Photo by Blueag9 via Wikimedia Commons

This week, we’re sharing stories from Steve Kolowich; Stephanie Clifford and Jessica Silver-Greenberg; Taffy Brodesser-Akner; Carolyn Murnick; and Jamie Lauren Keiles.

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1. Who’s Left to Defend Tommy Curry?

Steve Kolowich | Chronicle of Higher Education | July 27, 2017 | 32 minutes (8,030 words)

A black philosopher at Texas A&M thought forcing a public discussion about race and violence was his job. Turns out people didn’t want to hear it.

2. Foster Care as Punishment: The New Reality of ‘Jane Crow’

Stephanie Clifford and Jessica Silver-Greenberg | The New York Times | July 21, 2017 | 12 minutes (3,000 words)

An exhausted single mother takes a bath and her five-year-old daughter wanders out of the apartment and is found outside. Instead of being returned to her mother, a neighbor calls child services and the daughter is put in foster care. For women living in poor neighborhoods with few child care options, a single mistake can lead to a legal nightmare.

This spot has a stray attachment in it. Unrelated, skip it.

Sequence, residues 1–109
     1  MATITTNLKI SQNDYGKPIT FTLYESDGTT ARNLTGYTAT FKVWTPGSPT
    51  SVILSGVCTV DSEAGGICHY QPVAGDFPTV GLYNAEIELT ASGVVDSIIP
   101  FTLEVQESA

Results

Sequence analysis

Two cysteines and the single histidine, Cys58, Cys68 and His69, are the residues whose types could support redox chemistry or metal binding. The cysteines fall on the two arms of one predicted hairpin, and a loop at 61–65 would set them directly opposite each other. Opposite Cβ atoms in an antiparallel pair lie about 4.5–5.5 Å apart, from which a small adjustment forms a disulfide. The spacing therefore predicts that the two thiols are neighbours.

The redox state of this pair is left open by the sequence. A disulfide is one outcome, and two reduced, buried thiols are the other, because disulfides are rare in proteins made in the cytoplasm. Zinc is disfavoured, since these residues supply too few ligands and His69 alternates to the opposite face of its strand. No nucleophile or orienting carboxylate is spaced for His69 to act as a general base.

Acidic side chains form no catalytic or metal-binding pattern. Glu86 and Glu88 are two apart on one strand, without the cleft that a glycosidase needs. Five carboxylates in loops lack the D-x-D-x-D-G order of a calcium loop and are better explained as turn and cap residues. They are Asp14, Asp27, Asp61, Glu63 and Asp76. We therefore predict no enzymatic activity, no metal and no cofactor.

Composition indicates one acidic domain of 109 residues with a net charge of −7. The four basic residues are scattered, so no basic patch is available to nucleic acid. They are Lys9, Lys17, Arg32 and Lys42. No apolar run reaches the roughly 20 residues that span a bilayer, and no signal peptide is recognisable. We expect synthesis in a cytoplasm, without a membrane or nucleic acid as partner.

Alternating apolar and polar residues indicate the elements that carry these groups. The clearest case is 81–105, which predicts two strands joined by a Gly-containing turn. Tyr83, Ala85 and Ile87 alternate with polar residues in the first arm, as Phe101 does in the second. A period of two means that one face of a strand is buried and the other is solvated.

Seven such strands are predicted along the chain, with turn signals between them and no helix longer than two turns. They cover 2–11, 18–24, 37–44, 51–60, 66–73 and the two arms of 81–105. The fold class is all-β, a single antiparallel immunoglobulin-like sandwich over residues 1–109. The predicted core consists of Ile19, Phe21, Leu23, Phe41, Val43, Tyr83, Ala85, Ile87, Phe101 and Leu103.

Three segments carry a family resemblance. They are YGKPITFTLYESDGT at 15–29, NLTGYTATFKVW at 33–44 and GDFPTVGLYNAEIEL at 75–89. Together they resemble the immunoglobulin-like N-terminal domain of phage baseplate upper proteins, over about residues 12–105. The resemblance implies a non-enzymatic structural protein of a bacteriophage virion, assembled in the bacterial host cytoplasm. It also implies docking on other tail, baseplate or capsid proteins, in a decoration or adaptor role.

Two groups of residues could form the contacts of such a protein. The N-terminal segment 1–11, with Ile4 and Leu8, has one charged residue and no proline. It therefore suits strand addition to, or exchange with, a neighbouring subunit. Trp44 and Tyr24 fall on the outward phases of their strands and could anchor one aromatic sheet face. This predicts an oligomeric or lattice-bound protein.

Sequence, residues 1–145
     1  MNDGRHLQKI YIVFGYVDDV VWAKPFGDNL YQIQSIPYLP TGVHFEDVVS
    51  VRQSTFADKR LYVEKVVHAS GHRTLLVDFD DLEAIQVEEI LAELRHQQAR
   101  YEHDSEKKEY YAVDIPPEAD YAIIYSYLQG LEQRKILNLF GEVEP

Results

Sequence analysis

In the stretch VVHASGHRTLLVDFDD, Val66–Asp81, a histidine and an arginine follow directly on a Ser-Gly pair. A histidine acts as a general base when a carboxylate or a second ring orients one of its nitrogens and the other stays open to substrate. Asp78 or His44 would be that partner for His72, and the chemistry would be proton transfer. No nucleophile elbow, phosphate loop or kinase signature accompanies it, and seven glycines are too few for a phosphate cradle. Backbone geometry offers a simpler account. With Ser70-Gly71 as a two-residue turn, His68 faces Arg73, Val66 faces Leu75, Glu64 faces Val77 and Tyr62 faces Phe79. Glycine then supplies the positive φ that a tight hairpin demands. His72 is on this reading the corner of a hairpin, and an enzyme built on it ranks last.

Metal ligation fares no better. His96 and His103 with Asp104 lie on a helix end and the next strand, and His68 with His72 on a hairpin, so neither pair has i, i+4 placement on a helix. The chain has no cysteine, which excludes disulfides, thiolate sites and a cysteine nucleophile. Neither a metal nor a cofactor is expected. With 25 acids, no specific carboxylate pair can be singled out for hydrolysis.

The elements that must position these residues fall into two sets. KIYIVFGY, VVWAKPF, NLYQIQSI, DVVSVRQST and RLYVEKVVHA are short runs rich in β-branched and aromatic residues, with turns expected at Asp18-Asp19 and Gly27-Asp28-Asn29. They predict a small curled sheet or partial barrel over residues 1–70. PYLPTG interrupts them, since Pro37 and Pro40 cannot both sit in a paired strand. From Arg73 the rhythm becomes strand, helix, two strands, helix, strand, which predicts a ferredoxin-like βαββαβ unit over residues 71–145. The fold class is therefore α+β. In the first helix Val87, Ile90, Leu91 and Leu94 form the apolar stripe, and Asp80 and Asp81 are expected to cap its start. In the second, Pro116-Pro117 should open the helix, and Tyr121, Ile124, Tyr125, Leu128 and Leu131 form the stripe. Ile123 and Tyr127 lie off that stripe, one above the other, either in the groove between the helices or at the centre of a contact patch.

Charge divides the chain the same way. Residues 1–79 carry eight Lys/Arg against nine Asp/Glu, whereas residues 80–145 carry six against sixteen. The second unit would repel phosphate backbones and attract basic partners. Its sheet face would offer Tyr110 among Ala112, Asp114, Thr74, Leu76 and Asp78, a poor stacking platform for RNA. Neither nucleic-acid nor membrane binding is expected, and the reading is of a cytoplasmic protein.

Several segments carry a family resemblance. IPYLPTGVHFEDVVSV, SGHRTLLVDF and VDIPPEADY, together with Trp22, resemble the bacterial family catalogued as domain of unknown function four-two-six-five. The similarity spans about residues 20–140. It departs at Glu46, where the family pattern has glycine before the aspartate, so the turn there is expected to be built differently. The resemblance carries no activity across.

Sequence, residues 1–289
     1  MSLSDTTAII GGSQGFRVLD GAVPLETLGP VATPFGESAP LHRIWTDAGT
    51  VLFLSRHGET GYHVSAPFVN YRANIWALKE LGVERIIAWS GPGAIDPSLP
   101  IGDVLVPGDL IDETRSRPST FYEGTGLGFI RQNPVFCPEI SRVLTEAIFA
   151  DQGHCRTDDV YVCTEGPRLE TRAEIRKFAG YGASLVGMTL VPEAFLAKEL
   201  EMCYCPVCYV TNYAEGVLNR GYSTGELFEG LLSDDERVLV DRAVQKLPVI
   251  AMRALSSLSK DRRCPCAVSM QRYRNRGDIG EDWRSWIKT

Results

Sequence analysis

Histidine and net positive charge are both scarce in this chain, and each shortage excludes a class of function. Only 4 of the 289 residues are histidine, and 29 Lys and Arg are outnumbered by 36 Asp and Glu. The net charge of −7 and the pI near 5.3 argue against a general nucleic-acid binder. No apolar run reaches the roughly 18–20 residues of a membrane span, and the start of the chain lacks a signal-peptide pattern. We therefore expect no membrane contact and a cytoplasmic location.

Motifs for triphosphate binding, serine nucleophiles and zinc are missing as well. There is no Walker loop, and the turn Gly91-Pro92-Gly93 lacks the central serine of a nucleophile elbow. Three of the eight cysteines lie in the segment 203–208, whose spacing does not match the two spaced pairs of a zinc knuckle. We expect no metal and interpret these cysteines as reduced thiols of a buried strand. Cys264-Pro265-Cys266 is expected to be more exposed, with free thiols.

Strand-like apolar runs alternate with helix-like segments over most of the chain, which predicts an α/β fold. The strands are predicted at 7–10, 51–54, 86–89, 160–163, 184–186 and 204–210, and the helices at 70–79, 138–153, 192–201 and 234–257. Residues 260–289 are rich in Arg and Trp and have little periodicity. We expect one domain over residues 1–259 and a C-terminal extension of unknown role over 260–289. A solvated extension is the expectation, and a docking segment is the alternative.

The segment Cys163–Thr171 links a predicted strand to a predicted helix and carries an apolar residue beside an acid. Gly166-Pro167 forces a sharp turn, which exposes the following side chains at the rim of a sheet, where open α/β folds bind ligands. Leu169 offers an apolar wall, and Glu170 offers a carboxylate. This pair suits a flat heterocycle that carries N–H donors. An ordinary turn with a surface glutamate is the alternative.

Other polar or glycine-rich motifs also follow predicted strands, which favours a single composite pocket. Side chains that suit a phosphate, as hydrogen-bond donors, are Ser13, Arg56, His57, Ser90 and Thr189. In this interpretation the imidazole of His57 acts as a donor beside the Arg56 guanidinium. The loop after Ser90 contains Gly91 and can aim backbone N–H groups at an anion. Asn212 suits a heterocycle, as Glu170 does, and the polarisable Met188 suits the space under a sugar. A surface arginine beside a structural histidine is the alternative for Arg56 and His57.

3. Let’s Go to Jerusalem for Soup Again

Taffy Brodesser-Akner | Saveur | July 21, 2017 | 7 minutes (1,816 words)

Taffy Brodesser-Akner travels to Israel to reexamine the soup of her youth and the gap between memory, desire, and (ugh) reality.

4. What I Know About My Best Friend’s Murder

Carolyn Murnick | New York Magazine | July 25, 2017 | 13 minutes (3,435 words)

An excerpt of The Hot One: a Memoir of Friendship, Sex and Murder, by Carolyn Murnick. Murnick tries to make sense of the stabbing death of her childhood best friend at 22, in 2001, just eight months after they last saw each other.

5. Naked Truths

Jamie Lauren Keiles | Racked | July 25, 2017 | 17 minutes (4,419 words)

Jamie Lauren Keiles spends a week at a naturist camp to learn “why people get naked.” As she exercises, sun tans, and square dances her way through a week garbed for the most part only in shoes, she gets stripped not only of inhibitions around her own body, but also of notions around naturist intent, learning that most enthusiasts take off their clothes not for sexual reasons, but simply to feel free.